One of the things I like best about fishing in Western New York is there are many fish species. Depending on the time of year, you can find king salmon, brown trout, trophy trout, lake trout, walleye, steelhead, smallmouth bass, and so much more swimming around in the waters of Lake Ontario, Lake Erie, and the Niagara River.

Where To Fish For Each Species:

Lake Ontario:

  • King Salmon: April to September
  • Brown Trout: April to September
  • Steelhead: July to September
  • Lake Trout: April to September
  • Coho Salmon: April to June

Lake Erie:

  • Small Mouth Bass: May to September
  • Trophy Bass: May to June
  • Yellow Perch: May to June
  • Walleye: June to September

Niagara River

  • Trophy Salmon: September to October
  • Steelhead: October to May
  • Lake Trout: January to April
  • Brown Trout: January to April
  • Smallmouth Bass: May to October
  • Chinook Salmon: September to November
  • Coho Salmon: September to November
  • Walleye: June to October
  • Yellow Perch: May to June

WNY Fish Species:

King Salmon: Although they aren’t native to the Great Lakes, king salmon, which are also commonly referred to as Chinook salmon, have flourished in the waters of Lake Ontario and the Niagara River. They are typically either dark blue or greenish grey and have elongated shapes that make them stand out.

Brown Trout: First introduced in Western New York more than 100 years ago, brown trout have adapted to their surroundings in Lake Ontario and the Niagara River and are now growing to be bigger than ever before.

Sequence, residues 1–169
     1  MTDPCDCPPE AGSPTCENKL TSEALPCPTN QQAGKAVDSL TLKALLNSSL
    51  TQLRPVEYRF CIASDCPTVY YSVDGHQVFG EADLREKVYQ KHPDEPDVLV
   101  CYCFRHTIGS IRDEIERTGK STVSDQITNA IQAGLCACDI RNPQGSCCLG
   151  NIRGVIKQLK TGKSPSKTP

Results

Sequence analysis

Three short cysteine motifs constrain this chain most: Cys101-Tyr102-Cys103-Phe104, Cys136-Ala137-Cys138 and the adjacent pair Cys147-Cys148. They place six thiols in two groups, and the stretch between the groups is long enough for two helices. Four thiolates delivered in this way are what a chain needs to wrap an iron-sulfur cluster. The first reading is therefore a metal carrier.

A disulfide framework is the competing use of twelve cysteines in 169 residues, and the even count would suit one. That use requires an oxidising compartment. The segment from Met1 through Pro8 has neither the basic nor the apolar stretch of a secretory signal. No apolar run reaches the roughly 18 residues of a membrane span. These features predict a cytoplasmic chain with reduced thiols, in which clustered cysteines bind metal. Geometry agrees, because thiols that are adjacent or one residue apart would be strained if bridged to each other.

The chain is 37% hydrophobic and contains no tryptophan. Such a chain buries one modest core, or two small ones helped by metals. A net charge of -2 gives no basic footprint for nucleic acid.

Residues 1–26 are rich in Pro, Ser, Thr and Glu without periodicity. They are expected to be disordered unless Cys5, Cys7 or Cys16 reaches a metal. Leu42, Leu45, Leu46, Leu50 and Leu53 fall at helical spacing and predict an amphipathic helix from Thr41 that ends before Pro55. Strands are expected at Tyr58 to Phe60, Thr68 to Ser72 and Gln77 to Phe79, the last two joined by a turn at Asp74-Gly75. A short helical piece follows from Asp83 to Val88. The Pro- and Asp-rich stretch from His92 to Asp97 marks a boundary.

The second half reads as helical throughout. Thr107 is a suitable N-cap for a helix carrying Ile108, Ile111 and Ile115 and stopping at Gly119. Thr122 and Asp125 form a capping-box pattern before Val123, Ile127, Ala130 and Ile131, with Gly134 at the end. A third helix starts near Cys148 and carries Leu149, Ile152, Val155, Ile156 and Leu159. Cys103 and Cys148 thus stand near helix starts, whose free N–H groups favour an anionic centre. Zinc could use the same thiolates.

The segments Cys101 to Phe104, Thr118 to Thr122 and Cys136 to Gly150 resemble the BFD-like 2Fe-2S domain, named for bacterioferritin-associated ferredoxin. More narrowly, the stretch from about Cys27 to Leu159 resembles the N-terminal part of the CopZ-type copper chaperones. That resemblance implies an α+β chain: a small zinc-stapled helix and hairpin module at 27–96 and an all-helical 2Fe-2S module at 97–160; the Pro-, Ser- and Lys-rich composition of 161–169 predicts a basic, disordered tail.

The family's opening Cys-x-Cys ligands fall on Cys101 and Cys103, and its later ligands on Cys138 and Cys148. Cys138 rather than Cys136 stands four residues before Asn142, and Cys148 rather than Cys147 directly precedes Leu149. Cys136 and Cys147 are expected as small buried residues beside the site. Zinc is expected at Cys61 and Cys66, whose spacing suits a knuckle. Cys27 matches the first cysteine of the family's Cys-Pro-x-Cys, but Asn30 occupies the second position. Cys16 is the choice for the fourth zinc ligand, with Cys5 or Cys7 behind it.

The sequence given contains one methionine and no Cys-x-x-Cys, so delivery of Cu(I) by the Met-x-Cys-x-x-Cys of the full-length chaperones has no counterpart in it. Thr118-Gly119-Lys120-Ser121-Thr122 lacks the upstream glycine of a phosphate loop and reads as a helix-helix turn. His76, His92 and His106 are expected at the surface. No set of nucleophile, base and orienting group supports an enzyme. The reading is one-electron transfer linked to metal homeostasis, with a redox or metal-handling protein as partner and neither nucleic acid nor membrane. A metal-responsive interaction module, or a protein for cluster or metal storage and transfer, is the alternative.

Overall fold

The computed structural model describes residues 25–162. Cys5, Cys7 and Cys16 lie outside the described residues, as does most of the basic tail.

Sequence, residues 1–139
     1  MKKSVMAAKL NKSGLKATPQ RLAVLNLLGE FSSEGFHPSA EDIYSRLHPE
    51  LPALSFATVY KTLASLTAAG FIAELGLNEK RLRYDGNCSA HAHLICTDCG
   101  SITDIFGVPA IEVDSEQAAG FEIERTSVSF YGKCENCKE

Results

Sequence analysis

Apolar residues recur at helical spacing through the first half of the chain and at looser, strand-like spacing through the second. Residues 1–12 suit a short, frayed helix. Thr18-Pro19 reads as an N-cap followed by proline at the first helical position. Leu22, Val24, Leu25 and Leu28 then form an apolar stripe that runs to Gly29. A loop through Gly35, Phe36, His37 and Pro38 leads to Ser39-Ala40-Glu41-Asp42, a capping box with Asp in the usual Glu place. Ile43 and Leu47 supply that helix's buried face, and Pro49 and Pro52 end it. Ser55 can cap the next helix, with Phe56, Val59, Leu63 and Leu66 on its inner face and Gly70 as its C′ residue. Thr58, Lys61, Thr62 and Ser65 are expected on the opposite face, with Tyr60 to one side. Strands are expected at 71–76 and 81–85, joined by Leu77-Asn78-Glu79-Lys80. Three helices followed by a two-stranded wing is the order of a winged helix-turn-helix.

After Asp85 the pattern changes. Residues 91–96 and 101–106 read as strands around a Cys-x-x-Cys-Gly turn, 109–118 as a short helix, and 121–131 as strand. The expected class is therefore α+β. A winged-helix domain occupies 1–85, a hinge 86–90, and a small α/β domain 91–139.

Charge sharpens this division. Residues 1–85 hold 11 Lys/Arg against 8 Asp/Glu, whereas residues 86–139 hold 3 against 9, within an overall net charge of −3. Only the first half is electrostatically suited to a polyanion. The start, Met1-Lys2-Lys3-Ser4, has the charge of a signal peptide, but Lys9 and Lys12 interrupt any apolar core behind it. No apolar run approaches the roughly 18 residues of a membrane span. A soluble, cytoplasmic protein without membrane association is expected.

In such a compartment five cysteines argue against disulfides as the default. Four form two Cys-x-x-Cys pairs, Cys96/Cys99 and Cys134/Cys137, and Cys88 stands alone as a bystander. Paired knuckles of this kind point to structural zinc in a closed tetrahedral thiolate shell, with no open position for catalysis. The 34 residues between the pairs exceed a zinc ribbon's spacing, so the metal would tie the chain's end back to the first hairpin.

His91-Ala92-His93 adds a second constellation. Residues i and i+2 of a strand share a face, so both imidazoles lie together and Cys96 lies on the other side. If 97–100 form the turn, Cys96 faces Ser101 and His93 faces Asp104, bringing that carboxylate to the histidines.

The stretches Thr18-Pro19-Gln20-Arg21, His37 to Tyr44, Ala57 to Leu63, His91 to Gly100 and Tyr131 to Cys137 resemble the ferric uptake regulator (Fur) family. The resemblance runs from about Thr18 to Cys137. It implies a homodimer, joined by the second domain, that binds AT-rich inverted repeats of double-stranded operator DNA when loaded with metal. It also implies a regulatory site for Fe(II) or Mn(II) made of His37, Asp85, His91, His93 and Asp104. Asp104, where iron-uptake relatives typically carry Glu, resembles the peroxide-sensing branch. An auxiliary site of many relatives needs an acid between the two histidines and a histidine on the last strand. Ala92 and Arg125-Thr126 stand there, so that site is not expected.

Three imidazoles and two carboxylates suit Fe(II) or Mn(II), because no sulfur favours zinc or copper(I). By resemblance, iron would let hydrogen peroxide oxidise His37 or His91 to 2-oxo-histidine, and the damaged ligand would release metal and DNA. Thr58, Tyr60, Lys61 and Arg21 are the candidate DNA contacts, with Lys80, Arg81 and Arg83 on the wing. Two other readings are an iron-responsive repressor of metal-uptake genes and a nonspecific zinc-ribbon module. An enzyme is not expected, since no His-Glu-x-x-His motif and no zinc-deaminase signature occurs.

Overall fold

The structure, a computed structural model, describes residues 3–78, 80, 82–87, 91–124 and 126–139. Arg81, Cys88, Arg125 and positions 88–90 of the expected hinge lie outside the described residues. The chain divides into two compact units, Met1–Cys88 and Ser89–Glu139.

Lake Trout: As one of the rarer types of trout, it’s not often that you’ll pull one of these out of the water. They have a grayish green color along with white blotches that are located all over their bodies. They usually position themselves very deep in the water, which can make them difficult to catch.

Walleye: Walleye are very long fish that tend to be either olive green or brown with yellowish flecks on their bodies. They often have large mouths and large teeth.

Steelhead: Also called rainbow trout, these fish tend to be very colorful. Although they don’t often grow to be more than 8 or 10 pounds, their distinct looks appeal to those who fish for them.

Smallmouth Bass: The smallmouth bass population in Western New York has really skyrocketed in recent years. While they don’t often grow to be too big, they’re known for putting up a fight and will prove to be a welcomed challenge for those who fish for them.

Are you ready to get out on the water and start your search for these Western New York fish species?

Learn more about True Blue WNY Fishing Charter’s private fishing charter rates and packages now!